The Walking Dead
By the end of this episode, I felt a lot like Sasha — all of the small talk and new faces made me want to scream. Dangerous as life is on the outside, it’s a hell of a lot more interesting than what’s happening within the walls of Alexandria, where even Daryl is starting to get comfortable. Rick also seems to be wavering between his inherent distrust of anything that appears too good to be true and his desire to build a normal life for his kids. If not for Carol’s nightmarish threat, and the tragically short life of Buttons the horse, it was a relatively slow hour.
Let’s begin with some intrigue, as Rick, Carol, and Daryl meet in secret to discuss a plan for when this all inevitably goes to shit. The trio decides to steal some guns and stash them in the house where Rick hid a pistol. (They assume the Alexandria folks found that firearm, but smart money is still on Enid.) At this point, all three agree their new hosts can’t be trusted, but by the episode’s end, only Carol seems firmly committed to the cause. Two questions here: Why cut out Michonne, who’s been Rick’s consigliere on most important decisions lately (and is also now the Cash to his Tango)? And what’s up with the W carved into that zombie’s forehead? It seemed reminiscent of the A stamps that Jessie’s son was handing out at the house party.
That party — Deanna’s attempt to welcome the newcomers — is a strange affair. Carol made cookies, there’s plenty of beer, and lots of chitchat about recipes and books clubs and all the mundane stuff that disappeared when people started reanimating and eating flesh. It’s even weird to see the gang showered and dressed up in their finest cocktail-casual attire — Rick in a white button-down, the Sarge in a long-sleeve polo, Rosita in a sensible tank top/sweater combo. (Speaking of fashion, Carol is so apocalypse on-trend with her floral sweater and slacks.) We finally meet Deanna’s husband and the architect of the wall, Redge. He’s slim and professorial and lays it on thick with compliments for Rick.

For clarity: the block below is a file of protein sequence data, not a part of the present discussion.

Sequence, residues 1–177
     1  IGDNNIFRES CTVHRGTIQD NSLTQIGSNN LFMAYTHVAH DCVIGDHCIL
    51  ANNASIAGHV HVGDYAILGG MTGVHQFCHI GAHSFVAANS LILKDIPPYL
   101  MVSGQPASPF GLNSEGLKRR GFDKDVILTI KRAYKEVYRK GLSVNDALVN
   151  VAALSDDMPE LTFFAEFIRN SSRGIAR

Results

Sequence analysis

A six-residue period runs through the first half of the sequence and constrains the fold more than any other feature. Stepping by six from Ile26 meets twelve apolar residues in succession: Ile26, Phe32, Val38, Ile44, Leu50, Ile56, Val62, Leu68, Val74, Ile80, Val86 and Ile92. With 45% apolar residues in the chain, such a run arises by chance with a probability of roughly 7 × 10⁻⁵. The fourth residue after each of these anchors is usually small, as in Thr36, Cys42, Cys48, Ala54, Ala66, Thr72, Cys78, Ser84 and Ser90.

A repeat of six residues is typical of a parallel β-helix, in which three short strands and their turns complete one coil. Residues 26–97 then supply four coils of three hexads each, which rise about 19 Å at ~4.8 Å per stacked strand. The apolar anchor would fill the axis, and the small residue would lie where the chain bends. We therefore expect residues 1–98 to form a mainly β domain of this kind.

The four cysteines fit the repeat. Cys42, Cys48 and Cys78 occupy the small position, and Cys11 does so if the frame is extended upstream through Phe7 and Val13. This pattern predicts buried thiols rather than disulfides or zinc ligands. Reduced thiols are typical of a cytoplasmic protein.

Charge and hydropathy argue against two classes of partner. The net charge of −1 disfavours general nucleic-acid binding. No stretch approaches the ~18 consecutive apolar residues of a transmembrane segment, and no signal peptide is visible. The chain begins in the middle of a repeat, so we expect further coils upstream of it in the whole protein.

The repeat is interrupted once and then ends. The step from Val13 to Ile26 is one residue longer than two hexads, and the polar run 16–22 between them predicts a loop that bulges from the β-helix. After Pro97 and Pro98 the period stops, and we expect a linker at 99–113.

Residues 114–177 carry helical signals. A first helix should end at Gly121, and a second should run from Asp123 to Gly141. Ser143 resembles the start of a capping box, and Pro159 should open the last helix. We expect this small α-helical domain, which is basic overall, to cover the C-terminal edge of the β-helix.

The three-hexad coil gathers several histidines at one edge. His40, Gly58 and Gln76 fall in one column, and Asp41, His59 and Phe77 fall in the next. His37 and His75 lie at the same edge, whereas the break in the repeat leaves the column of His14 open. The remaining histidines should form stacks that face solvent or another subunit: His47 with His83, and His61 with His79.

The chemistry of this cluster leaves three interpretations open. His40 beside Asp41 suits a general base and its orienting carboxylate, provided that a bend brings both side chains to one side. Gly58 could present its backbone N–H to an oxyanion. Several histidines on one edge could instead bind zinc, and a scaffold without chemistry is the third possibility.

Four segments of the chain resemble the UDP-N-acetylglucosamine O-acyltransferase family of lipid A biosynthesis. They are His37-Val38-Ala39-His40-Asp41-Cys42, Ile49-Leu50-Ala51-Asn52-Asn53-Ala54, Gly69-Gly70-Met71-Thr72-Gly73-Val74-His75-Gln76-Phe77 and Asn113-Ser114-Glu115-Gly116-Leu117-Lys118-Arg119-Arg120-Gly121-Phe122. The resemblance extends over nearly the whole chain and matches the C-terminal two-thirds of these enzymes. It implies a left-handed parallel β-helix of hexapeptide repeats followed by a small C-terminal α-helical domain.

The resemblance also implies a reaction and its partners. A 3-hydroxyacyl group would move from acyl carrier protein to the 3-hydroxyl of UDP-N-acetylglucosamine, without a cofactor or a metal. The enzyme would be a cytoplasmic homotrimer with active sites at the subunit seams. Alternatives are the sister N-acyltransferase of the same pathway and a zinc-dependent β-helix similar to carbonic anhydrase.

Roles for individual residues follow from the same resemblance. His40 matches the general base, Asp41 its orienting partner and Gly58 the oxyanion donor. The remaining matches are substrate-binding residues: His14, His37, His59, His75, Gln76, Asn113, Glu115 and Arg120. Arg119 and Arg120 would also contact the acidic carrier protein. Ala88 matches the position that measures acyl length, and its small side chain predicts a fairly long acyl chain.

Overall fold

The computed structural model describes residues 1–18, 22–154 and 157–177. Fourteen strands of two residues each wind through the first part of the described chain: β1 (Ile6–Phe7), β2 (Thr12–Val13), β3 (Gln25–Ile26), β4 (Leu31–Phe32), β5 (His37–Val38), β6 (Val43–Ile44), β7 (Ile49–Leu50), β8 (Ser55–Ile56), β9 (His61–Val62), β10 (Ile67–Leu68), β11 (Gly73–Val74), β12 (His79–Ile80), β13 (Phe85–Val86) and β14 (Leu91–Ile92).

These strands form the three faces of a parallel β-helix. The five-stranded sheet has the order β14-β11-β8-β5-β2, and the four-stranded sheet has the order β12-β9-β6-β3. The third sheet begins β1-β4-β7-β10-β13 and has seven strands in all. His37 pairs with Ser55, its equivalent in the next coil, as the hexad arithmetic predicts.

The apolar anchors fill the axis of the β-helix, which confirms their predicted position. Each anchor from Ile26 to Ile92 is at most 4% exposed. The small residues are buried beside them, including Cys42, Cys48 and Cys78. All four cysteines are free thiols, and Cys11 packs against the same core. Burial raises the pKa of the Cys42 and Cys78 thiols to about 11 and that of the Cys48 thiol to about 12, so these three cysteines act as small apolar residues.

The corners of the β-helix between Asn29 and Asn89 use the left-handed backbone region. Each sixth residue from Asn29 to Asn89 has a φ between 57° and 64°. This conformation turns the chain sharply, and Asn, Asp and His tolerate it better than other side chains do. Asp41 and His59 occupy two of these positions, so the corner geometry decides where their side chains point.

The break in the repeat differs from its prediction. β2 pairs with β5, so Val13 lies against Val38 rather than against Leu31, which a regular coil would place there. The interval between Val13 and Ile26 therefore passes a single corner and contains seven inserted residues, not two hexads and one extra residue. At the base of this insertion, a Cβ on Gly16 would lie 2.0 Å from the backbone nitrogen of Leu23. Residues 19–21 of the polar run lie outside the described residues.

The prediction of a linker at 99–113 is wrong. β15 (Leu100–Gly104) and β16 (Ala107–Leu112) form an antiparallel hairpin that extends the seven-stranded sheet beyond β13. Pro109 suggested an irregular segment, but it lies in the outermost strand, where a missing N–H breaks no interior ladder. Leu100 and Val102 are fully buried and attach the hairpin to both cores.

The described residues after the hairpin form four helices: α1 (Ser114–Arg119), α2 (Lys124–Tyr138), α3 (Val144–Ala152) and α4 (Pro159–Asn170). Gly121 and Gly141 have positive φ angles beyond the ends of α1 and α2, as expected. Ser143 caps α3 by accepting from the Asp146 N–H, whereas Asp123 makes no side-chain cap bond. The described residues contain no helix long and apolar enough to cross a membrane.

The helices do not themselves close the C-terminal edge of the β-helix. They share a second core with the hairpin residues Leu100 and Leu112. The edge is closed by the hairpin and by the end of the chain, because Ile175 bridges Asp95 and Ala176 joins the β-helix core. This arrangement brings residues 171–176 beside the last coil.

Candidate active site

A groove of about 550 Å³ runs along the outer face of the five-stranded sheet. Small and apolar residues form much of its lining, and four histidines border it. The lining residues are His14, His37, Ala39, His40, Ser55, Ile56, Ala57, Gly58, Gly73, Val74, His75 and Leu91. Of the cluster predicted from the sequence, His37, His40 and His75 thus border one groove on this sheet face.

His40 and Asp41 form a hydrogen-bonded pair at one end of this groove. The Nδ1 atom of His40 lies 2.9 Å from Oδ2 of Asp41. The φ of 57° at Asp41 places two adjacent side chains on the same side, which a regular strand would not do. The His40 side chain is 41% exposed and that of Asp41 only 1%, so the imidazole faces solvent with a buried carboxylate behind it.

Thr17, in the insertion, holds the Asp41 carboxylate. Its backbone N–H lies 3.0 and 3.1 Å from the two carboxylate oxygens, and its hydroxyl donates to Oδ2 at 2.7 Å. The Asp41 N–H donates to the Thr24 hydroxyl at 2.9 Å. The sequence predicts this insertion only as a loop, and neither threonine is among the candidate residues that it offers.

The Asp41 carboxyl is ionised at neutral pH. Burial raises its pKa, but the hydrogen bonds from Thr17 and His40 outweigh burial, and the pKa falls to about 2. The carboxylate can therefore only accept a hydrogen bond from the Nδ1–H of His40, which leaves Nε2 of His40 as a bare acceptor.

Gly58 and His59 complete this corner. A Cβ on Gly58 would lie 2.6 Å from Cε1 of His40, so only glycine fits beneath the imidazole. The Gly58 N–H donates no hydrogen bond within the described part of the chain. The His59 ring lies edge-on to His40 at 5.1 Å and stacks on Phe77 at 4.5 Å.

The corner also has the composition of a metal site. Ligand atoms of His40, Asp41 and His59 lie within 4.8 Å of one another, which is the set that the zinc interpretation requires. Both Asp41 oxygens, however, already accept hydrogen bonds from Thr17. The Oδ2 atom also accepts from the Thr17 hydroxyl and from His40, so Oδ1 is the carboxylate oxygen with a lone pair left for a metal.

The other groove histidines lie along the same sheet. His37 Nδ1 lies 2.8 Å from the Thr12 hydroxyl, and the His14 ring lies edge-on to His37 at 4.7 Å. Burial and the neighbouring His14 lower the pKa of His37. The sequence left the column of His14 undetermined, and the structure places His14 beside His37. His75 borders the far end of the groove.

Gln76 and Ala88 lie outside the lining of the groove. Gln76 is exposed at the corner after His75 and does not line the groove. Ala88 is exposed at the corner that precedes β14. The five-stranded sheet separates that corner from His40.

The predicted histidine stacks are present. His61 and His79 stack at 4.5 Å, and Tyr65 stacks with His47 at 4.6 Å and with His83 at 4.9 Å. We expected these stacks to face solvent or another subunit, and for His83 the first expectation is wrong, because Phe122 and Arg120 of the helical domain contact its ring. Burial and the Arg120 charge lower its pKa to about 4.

Jessie also does her best to make Rick feel at ease. She introduces Rick to her hubby, Pete — who is indeed the doctor Aaron referred to a while back. He’s also oddly friendly, considering his standoffish exchange with Rick from his porch. Pete snaps at Jessie when she offers to help him get drinks, suggesting two things — he’s not so nice, and he wants her to keep giving Rick the hard-sell pitch on life in Alexandria. Her youngest son gives Rick an A stamp on his hand, and Jessie says, “You’re officially one of us.” This place is feeling less like Woodbury II and more like a very well-fortified Scientology recruitment center. (Rick also gives Jessie a lingering kiss on the cheek, setting up a potential love triangle. Not good for town morale, and not a wise move for the new sheriff.)
Amid the awkward mixing and mingling, we see who’s trying to assimilate, and who’s not — namely Sasha, Noah, and Daryl. Sasha is suffering from some serious walker PTSD; a simple offer to fix her a meal leads to a total meltdown. She wants to work as a watchtower guard and asks for as many shifts as possible. Sasha’s like the solider who can’t adjust to life back home, so she signs up for tour after tour. Deanna’s plan is to team her up with her hunky son, Spencer, who tries to break the ice with a joke about Mrs. Neudermeyer’s obsession with finding a pasta machine. (The same line Eric uses on Daryl.) But neither his good looks nor his quip put her at ease.